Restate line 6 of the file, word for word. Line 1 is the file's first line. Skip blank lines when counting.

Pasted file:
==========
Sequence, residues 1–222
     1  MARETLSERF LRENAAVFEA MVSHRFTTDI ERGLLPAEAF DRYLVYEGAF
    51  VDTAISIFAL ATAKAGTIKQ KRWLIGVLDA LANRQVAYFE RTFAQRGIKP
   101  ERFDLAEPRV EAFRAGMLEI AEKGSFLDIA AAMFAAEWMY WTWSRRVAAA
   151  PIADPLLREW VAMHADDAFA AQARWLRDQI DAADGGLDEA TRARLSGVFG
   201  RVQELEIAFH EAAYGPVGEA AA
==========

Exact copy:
   201  RVQELEIAFH EAAYGPVGEA AA